How much evidence exists for these services now? One example is the Nevada Reemployment and Eligibility Assessment Program, which was rated as “Near Top Tier” by the Coalition for Evidence-Based Policy. Others can presumably be found on DOL’s Clearinghouse for Labor Evaluation and Research.
Earlier today, the Trump administration released its proposed budget for FY 2019, which begins October 1. Like last year, the Trump budget includes a chapter on evidence-based policy. But first a run down on some of the major budget items of interest to the evidence community.
Key Evidence-based Programs
Here are the budget highlights for some of the most prominent evidence-related programs.
- Overall Research & Development Budget: The budget is proposing a 2 percent increase in overall federal spending on R&D, or about $118.1 billion under a new OMB definition of the term. However, all of the proposed increase is defense-related. The budget proposes cuts for most domestic research programs, including cuts in funding for NIH and the National Science Foundation.
- Education Research and Innovation (EIR) program: The budget proposes a significant increase for this program (which is the successor to i3), from $99 to $180 million. The detailed budget justifications suggest that the administration wants to repurpose most of these funds to support STEM programs. (See pp. 21-22 of that document).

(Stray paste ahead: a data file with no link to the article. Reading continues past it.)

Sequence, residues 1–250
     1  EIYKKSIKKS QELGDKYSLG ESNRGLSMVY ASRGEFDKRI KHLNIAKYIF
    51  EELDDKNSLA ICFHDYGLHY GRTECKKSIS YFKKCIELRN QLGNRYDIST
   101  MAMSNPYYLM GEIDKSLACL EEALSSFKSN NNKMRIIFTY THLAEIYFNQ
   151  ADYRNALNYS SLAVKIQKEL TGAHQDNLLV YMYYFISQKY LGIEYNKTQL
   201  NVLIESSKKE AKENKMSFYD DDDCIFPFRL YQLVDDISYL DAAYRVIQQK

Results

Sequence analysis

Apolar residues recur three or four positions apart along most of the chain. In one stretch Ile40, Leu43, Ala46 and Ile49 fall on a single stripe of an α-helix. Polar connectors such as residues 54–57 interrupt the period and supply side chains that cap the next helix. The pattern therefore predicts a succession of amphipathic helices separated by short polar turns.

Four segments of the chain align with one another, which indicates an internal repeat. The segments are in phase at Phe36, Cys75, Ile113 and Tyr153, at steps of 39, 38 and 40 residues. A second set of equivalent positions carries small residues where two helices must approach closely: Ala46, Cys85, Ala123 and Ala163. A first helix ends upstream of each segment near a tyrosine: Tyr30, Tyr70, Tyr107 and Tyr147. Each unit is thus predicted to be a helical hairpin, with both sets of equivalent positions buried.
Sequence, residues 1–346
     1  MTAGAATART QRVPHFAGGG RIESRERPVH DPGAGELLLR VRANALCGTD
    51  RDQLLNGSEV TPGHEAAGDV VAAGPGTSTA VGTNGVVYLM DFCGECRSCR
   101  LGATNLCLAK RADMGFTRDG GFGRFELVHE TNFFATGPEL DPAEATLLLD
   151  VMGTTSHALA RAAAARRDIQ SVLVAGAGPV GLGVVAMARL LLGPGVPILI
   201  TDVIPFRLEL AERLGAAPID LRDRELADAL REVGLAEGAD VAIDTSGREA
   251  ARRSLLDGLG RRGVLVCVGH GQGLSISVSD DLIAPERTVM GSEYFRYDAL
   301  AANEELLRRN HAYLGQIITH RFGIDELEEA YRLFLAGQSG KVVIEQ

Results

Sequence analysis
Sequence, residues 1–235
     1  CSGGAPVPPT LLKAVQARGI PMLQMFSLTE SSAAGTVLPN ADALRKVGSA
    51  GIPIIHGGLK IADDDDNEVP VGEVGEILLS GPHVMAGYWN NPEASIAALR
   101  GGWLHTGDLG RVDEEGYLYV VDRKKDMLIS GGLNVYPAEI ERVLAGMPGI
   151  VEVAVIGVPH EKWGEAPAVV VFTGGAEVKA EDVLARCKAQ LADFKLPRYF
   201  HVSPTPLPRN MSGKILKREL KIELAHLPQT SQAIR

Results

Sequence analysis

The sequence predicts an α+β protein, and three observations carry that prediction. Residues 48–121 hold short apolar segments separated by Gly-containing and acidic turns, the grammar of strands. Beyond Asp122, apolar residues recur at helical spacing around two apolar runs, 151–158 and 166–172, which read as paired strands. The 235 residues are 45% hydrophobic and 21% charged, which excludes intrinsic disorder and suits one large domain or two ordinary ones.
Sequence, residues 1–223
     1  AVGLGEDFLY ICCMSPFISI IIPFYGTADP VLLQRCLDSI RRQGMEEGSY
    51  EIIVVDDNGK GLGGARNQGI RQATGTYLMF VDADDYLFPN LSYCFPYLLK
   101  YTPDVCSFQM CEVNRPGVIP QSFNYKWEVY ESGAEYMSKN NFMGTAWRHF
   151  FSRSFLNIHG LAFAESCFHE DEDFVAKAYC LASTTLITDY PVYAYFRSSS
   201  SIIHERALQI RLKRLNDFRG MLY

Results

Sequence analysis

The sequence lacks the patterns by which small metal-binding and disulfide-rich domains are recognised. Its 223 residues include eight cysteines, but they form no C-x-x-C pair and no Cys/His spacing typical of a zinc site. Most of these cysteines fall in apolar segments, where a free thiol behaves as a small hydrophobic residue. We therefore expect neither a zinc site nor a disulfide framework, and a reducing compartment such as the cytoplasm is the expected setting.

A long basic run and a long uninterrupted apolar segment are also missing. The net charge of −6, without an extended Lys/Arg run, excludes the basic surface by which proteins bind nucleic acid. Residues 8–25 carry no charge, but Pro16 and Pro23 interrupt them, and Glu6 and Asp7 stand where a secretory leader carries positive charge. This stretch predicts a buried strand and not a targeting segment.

- Institute of Education Sciences (IES): The budget proposes a significant cut in funding for IES, the major evidence-building agency at ED. Overall funding would drop from $658 to $522 million. Most of the reduction would come from eliminating the Regional Education Laboratories (RELs) and funding for Statewide Longitudinal Data Systems (see below). More information is available in the IES budget justifications.
- Social Innovation Fund: Just kidding. It’s still dead. But the budget is proposing eliminating CNCS as a whole. See below.
- Teen Pregnancy Programs: The budget continues funding for the Personal Responsibility Education Program (PREP) at $75 million. (See SIRC’s previous story about these programs). However, it would eliminate the Teen Pregnancy Prevention (TPP) Program, currently funded at $101 million annually.
Here are the links for the overall agency budgets.